The more I use Apple Watch, the more I realize that Apple has masterfully created a product whose functions are exactly suited to the unique form of a wrist. While there are certainly areas for improvement and development, Apple has laid a solid foundation for the future. As Matt Richman astutely observed, these functionalities of Apple Watch are built upon years of investment that will be exceedingly difficult to match or copy.
Though I broke the uniqueness of a watch’s form into four separate categories, you’ll notice that the functions are all interdependent and interwoven. For example, the identity function of ApplePay requires the heart rate monitor for verification which, in turn, enables health-tracking and intimate communications which, in turn, rely on the Taptic Engine for Digital Touch which, in turn, provides discreet notifications. Every piece of the puzzle is intertwined and is made better because of the other pieces of the puzzle. No one but Apple has created something like this–and it will be years before anyone comes close to matching it either.
Apple has again done what it does best: create a product in a new category that redefines the category to be what it should have been all along. Apple has brilliantly observed what functions are enabled by the form of Apple Watch. The function followed the form. Apple’s ability to attune themselves to a unique form and create a device with such interdependent technologies is absolutely amazing.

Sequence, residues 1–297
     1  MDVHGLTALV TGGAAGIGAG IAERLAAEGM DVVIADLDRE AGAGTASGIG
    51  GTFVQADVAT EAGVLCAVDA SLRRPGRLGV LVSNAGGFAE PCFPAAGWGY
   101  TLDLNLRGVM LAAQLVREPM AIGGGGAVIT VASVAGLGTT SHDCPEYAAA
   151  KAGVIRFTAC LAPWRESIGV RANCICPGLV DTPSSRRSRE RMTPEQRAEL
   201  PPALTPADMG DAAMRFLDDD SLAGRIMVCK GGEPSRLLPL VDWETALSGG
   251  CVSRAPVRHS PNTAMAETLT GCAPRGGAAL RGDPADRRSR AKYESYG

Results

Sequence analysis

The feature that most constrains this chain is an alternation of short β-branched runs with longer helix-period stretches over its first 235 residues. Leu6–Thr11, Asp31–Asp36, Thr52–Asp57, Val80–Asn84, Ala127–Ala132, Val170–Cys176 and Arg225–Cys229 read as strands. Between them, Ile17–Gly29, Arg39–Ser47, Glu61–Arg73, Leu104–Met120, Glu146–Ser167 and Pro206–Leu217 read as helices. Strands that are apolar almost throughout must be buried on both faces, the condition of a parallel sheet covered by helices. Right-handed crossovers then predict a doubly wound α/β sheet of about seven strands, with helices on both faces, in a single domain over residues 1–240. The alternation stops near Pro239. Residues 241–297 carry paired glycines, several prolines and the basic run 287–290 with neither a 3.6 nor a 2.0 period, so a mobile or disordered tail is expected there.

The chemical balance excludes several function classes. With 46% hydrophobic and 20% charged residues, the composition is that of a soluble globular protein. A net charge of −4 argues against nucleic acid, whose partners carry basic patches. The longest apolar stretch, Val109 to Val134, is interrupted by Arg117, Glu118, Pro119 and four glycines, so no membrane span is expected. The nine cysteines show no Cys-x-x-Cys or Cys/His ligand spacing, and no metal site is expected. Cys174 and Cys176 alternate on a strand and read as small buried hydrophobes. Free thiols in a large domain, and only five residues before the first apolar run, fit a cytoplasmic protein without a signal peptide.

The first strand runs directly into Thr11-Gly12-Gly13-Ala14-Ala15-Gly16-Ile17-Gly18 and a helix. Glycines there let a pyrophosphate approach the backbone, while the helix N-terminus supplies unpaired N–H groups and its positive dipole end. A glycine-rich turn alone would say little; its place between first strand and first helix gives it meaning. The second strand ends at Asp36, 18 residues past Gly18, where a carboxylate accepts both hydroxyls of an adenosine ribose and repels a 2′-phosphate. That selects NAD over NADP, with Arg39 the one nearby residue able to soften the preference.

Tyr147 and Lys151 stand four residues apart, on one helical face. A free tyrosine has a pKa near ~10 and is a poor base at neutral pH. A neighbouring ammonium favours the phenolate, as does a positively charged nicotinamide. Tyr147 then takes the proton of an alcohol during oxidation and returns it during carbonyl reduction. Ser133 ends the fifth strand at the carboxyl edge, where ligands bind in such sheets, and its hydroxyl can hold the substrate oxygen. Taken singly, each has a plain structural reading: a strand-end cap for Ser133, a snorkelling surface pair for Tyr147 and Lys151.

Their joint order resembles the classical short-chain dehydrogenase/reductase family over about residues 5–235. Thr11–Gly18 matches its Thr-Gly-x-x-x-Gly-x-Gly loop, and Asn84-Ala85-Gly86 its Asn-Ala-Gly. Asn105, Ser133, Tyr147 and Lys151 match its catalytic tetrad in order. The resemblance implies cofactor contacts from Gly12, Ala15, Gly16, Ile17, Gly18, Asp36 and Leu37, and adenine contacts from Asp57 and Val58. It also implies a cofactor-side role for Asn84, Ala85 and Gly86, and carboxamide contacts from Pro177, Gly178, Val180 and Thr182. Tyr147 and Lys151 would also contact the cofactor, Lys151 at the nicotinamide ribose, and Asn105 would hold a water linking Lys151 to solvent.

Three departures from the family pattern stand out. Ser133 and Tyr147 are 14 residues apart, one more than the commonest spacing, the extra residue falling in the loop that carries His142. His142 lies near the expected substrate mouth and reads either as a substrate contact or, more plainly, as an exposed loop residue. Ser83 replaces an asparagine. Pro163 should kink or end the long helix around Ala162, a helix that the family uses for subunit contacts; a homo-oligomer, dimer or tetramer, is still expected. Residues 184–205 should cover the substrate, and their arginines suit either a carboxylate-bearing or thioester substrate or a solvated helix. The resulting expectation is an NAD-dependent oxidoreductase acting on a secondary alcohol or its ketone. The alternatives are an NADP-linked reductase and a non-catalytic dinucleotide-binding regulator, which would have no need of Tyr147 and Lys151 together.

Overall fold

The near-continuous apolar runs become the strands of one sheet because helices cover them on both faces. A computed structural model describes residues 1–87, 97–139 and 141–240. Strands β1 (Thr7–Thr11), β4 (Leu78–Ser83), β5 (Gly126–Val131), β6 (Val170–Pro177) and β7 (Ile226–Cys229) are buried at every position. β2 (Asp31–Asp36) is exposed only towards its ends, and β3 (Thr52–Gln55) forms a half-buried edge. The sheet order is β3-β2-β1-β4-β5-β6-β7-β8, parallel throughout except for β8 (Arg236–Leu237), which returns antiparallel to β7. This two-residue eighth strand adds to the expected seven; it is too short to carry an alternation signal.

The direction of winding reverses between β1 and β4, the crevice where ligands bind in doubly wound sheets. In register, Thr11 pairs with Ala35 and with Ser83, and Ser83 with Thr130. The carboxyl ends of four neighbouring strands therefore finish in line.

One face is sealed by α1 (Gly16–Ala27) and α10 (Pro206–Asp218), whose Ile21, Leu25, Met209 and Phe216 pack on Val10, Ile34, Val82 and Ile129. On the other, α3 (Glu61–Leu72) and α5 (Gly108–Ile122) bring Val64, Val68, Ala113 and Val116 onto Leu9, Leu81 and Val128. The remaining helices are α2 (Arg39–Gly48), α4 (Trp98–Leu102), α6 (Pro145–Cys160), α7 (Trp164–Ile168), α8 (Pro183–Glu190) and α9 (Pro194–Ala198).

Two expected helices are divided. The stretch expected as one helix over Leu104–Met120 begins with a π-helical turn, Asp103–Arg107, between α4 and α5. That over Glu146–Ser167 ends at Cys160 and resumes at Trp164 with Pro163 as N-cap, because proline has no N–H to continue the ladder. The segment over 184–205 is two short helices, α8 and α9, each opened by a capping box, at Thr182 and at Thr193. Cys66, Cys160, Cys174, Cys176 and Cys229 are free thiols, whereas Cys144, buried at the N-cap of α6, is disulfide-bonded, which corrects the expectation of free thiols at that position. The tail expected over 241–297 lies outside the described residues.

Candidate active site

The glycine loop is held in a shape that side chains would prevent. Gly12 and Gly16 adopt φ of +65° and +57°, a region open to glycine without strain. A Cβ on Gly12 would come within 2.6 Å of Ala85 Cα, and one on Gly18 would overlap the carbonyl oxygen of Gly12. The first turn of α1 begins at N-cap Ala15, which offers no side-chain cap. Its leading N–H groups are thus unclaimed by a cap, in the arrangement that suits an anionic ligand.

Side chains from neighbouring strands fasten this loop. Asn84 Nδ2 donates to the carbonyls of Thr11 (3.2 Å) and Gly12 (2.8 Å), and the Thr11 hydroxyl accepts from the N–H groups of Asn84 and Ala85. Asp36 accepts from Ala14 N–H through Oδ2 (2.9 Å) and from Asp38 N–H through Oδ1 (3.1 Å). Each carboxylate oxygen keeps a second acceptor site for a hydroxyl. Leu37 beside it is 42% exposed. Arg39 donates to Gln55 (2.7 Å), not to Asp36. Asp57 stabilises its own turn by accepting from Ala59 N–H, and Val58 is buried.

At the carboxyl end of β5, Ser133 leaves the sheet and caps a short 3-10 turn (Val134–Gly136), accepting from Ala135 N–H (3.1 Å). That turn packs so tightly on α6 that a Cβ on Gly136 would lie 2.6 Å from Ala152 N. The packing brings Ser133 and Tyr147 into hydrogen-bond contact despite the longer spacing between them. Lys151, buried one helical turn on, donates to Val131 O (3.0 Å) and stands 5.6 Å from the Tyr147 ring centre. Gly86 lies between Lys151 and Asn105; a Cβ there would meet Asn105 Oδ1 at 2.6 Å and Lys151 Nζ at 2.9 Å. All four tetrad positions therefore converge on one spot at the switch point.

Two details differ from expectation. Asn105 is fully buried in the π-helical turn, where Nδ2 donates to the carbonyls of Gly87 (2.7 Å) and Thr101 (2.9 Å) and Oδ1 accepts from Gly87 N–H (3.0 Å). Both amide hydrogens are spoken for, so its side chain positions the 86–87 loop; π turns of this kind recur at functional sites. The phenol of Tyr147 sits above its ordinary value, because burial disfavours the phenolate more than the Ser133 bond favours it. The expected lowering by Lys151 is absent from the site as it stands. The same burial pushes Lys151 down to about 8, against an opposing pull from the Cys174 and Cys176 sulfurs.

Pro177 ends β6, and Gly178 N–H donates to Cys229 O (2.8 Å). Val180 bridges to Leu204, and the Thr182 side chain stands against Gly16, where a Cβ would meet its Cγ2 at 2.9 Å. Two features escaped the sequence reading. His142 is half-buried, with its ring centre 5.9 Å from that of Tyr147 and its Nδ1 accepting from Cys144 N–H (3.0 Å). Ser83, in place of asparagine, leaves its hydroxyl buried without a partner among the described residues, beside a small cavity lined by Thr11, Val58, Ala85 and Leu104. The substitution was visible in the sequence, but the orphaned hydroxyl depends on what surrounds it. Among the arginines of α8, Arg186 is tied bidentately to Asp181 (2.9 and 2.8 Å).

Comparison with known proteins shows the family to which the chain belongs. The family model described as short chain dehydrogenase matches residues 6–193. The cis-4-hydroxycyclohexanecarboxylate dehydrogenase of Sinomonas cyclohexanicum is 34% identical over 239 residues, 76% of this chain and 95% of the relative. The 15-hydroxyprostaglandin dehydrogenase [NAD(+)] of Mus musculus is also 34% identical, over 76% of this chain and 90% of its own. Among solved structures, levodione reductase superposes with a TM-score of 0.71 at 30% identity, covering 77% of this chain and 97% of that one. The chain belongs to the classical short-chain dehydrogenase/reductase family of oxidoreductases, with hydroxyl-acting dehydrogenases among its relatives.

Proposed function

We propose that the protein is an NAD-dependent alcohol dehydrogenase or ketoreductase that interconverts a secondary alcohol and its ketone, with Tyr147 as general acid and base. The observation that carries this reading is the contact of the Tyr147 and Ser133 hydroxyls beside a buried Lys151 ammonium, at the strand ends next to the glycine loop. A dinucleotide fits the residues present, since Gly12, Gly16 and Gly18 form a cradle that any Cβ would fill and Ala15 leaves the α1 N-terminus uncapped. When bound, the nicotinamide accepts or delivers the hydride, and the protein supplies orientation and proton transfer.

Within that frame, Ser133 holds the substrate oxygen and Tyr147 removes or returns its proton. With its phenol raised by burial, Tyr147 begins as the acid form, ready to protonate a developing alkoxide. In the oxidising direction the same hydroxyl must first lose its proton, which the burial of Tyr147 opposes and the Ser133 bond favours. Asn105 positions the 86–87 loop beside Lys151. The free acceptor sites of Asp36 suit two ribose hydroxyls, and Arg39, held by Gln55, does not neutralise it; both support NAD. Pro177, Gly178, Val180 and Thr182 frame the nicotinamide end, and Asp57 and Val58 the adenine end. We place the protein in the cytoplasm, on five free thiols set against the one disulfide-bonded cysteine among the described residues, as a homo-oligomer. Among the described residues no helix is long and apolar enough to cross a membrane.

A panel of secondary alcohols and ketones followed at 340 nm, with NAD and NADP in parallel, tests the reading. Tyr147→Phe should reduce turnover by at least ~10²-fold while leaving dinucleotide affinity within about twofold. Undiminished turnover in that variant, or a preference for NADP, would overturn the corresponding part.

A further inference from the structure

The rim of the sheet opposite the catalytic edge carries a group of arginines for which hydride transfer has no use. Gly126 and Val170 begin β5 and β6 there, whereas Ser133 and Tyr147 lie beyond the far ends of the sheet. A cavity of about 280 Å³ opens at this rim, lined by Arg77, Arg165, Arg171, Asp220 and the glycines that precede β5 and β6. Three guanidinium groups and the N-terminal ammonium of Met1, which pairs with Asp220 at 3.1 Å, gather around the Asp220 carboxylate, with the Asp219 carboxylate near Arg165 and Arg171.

But the most amazing thing is this: this is just the starting point for the wrist.
This is part 2 of an ongoing series of weekly reviews of MarkDMill’s experience & reflection on Apple Watch.
- Week 1: You Can’t Put Delight In a Spreadsheet
- Week 4: A Foundation for the Future
- Week 5: The Future of Apple Watch (WWDC & beyond)
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1. People who have only had the watches a matter of days also miss this; one reason I’m doing weekly reviews for the first months rather than try to have a “summarative” review moments after having had the device. I likewise recommend you ignore anything written after less than a week of having a device…and take anything written less than 2 weeks (including mine!) with a large grain of salt.↩️
4. A key reason why I hope Apple will open up a Siri API this WWDC or, as I’ve written about previously, at minimum, a Contacts API so you can send a message with Siri to anyone via any messaging client. ↩️
5. I’m not accomplishing this through the Apple Watch apps, though I have both on Apple Watch. Instead, I use Siri to add thoughts to Drafts and tasks to Things via Apple’s Reminders app. Here are directions for setup in Drafts and setup in Things. Clever integrations like these are just one reason why I recommend those apps so highly. ↩️
6. And scary, too. If texting turned into sexting, what will happen with Digital Touch, heartbeats, & the taptic engine?
I fear for the world when Tinder/Down With Friends & the like can read heartbeats & use the Taptic engine